On the point raised about the Price Commission report and the remarks about the increases in the South-East by comparison with the increases generally, clearly the board is very well seized of the purport of that report. We have taken the view that it will need to demonstrate very clearly the need for whatever increases it may wish to put forward.

The Secretary of State for Prices and Consumer Protection and the Secretary of State for Transport said in their press notice at that time: The Secretaries of State sympathise with the grievance felt by many commuters at the burden of fares. They will welcome any steps British Rail can take to add to public understanding of the costs and revenues of the London and South-East commuter services and to demonstrate the need for fare increases on these services, especially if they are higher than the average. The Board recognises the need for this. I think that that explicitly meets the point raised—that there must be a clear justification for any increases above the average which may be made in future years for London and South-East commuters.

We should also bear in mind, however, that British Rail's recent performance, following on the policies of my right hon. Friend and myself, has been very much better. The fact is that fare increases are now being spread out, roughly, over 12-monthly intervals. At least the last increase was far lower than increases have been hitherto. I am reasonably hopeful about the next increase, which is now unlikely to be this year. So, following Government policies, the commuter's position has changed considerably for the better in the last two years or so. In addition, a good deal of money is going into investment and in London and South-East rolling stock, which has been a point of complaint, and a number of lines will begin to benefit from that.

Taking on the mantle of the Financial Secretary in the last five minutes of this debate, I should like to take up the point about tax relief for travel to work. First, there is no misunderstanding about the comparison between this country and other European countries. The hon. Member for Southend, West thought that I was giving him erroneous information about Belgium. There is no error in what I am saying. What I told the hon. Gentleman yesterday was that in Belgium one could not set the cost of travel against income tax. That is the case. If there is another scheme in Belgium under which employers can finance travel-to-work costs, that is a separate matter. So my remarks yesterday stand because I was discussing tax relief. The general practice on the Continent as our studies have generally confirmed, is very different from country to country.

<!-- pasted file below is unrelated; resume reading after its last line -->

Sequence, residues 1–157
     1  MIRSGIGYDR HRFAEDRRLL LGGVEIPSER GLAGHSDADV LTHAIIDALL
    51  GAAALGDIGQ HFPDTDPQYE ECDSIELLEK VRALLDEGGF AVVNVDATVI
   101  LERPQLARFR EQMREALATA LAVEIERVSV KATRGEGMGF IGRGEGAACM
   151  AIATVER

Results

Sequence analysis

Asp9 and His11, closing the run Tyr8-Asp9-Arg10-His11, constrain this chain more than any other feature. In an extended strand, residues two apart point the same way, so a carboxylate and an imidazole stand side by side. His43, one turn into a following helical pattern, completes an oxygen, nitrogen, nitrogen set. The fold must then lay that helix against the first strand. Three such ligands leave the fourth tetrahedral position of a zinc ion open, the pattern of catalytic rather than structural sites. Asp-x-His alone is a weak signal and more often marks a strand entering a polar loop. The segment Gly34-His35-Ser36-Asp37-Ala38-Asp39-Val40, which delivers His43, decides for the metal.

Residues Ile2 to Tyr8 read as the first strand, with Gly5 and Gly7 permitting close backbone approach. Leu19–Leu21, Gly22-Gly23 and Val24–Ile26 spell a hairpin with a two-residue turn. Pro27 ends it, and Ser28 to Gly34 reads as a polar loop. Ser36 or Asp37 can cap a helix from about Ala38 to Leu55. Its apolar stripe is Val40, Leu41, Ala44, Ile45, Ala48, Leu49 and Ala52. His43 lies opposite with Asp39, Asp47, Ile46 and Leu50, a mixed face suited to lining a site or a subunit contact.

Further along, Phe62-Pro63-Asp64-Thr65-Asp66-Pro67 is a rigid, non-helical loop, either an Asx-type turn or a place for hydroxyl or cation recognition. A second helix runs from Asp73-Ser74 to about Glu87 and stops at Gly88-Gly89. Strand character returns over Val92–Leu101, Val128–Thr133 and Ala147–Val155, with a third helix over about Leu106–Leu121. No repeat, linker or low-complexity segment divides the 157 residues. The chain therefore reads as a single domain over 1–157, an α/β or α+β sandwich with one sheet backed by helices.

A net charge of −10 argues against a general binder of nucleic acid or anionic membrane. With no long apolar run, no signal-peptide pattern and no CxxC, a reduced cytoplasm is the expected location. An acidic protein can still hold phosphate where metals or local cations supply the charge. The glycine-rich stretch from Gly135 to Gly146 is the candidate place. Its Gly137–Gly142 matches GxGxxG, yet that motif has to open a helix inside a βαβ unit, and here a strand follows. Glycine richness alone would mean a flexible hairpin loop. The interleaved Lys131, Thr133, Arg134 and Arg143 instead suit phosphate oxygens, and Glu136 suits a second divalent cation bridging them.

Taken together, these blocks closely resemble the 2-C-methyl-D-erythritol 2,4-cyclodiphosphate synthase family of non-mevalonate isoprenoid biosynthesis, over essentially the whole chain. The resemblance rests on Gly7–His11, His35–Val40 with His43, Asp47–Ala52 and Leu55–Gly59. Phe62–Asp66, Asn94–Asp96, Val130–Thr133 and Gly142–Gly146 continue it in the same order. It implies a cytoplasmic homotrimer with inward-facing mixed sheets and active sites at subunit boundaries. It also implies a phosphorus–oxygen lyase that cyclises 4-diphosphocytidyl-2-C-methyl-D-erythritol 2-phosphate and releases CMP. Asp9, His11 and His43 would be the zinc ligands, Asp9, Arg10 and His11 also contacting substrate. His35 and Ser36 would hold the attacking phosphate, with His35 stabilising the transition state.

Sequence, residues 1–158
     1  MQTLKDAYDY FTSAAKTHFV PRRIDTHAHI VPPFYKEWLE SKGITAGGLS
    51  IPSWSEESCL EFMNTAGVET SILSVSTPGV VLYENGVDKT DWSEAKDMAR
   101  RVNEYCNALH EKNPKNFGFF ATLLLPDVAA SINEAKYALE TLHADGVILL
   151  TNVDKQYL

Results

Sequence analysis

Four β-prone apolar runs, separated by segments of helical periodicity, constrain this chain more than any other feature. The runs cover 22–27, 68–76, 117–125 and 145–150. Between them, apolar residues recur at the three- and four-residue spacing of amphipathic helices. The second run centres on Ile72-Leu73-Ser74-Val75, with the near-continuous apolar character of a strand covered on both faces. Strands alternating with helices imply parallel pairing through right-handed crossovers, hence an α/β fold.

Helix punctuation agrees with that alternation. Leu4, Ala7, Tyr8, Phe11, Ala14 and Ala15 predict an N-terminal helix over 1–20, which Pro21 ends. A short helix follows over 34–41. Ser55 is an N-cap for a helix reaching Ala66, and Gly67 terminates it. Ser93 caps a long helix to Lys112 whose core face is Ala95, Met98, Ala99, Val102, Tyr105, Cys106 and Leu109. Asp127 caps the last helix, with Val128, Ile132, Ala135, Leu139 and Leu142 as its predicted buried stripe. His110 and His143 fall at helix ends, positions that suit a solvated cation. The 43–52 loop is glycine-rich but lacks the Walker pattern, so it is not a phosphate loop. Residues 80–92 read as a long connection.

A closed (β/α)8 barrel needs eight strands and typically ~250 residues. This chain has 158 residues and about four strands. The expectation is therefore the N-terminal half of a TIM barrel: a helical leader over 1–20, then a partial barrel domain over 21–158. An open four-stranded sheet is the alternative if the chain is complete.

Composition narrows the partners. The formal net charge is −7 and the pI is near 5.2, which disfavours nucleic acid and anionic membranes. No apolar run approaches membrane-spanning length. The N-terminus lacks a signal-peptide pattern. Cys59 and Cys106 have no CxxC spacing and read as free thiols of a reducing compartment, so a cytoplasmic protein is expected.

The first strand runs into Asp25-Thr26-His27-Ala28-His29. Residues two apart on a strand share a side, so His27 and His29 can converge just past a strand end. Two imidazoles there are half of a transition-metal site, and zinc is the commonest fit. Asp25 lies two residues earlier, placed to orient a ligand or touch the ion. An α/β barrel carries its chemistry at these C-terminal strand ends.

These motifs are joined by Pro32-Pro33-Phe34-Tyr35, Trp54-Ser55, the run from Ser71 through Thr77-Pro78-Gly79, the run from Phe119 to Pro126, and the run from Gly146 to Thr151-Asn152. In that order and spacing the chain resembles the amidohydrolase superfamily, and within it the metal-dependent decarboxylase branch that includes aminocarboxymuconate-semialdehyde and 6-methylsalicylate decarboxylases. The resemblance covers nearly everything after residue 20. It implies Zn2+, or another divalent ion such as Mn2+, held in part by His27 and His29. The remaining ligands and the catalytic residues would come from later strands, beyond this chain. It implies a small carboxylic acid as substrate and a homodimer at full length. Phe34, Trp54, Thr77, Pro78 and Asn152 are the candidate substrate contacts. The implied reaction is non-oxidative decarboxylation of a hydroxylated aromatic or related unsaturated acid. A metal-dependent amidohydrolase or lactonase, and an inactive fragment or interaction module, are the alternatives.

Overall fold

Second, there is no discrepancy on the question of the overall cost. The hon. Member for Southend, West quoted a figure that he had been given by the Financial Secretary of roughly £200 million as the cost of a scheme of tax relief for travel to work. My figure—it is also the Financial Secretary's figure, because it was produced by the Treasury—is about £750 million. That is for the whole country, as I think it would have to be. We could not allow this in one part of the country and not another. I would think that the £200 million relates only to London and the South-East.

Mr. Channon

indicated dissent.

Mr. Horam

The hon. Gentleman shakes his head, but there must be some such explanation since both these figures have been supplied by the Treasury.

Whatever the result of that discrepancy—I shall have the matter checked and see that the hon. Gentleman is written to either by the Financial Secretary or by myself—it would certainly be a high cost. That is something that the Opposition should bear in mind. I do not wish to make another political point when we are on the verge of leaving for our holidays, but they have made clear their opposition to public expenditure over the last two or three years. They say, and I accept, that I have a dilemma over London and the South-East, but they, too, have a dilemma in reconciling their desire for schemes of this kind with their desire to keep down public expenditure.

Mr. Newton

Surely the Minister will recognise that this is an income tax relief and not public expenditure, that what we are suggesting is one way of reducing income tax.

Mr. Horam

That is all very well, but it would mean that less money would be coming to the Exchequer. One would either have to have a higher borrowing requirement or raise less money to match that smaller flow. It is very difficult to reconcile that proposal with the Opposition's attitude to public expenditure.

Hon. Members should consider the effect of this. The proposal would be a disguised way of increasing the subsidy for commuters and concealing the true cost of rail journeys. Given their general stance—and ours now —of trying to reveal the true costs of railway operations along with those of any other transport operations, I am not sure that this would be a sensible step forward from the point of view of a reasonable view of what is happening in transport. None the less, I take the point that this is an area that we should look at carefully.

As the hon. Gentleman knows, we have given an undertaking—I think that my right hon. Friend the Secretary of State gave it to him—that we shall look at the Continental practice. We shall continue to study this matter, without commitment, since it clearly has relevance to the problems of commuters.

Forward to